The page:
Reviewed by Jennifer Joyce
Hattie Davish has travelled from Kansas City to Eureka Springs, Arkansas, after taking a job as a secretary for Mrs Edwina Trevelyan. Hattie has never met Mrs Trevelyan because her former employer and trusted friend made the arrangements on her behalf. As soon as Hattie steps into Eureka Springs, her employment takes a strange turn. Even before she arrives at the hotel, where she will be staying while working for Mrs Trevelyan, Hattie is told her services won’t be required, but as she has already been paid a week in advance, Hattie continues on her journey.
Mrs Trevelyan is the leader of the American Women’s Temperance Coalition, whose aim in Eureka Springs is to abolish the sale of alcohol in the town. Hattie’s first glimpse of her new employer is of Mrs Trevelyan smashing a saloon before fleeing as the police have been called. Hattie doesn’t get to see Mrs Trevelyan afterwards and neither does anybody else until her body is found. Mrs Trevelyan has been murdered and Hattie decides to do a little investigating to find out who is responsible.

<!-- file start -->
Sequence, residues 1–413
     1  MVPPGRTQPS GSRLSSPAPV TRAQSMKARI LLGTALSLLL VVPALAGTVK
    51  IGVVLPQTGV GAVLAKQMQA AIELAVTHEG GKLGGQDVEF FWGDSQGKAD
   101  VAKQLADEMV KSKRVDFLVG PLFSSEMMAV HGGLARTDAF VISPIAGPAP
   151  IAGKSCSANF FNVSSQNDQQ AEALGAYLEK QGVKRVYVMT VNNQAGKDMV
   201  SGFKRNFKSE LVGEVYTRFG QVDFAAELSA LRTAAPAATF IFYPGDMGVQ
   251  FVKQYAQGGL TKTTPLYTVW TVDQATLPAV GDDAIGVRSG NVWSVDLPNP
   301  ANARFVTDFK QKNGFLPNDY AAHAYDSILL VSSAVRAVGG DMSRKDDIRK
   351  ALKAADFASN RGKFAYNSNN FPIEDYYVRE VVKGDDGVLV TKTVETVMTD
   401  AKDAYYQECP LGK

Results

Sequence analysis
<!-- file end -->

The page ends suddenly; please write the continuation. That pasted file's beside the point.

Set in 1892, A Lack of Temperance is the first in the Hattie Davish mystery series. Hattie is organised and thorough and displayed a lot of courage as she investigated Mrs Trevelyan’s murder, but I couldn’t really understand why she put herself in danger, possibly risking her own life, to uncover the murderer of a woman she had barely glimpsed. The police were already investigating, however chaotically, and I saw no major push for Hattie to wade in.
Hattie had never been to Eureka Springs before and had never met any of the inhabitants, so it was difficult to feel much empathy for the death of Mrs Trevelyan, or to feel connected to the story. There were quite a lot of members of the coalition to get my head round, which left me confused at times, particularly at the beginning before the key members became clear. However, I did quite like the scenes with elderly sisters Lucy and Lizzie, who constantly contradicting each other, offered a little light relief between the blood and death threats.
While I kept reading to see who had murdered Mrs Trevelyan, I can’t say that I was riveted by this book.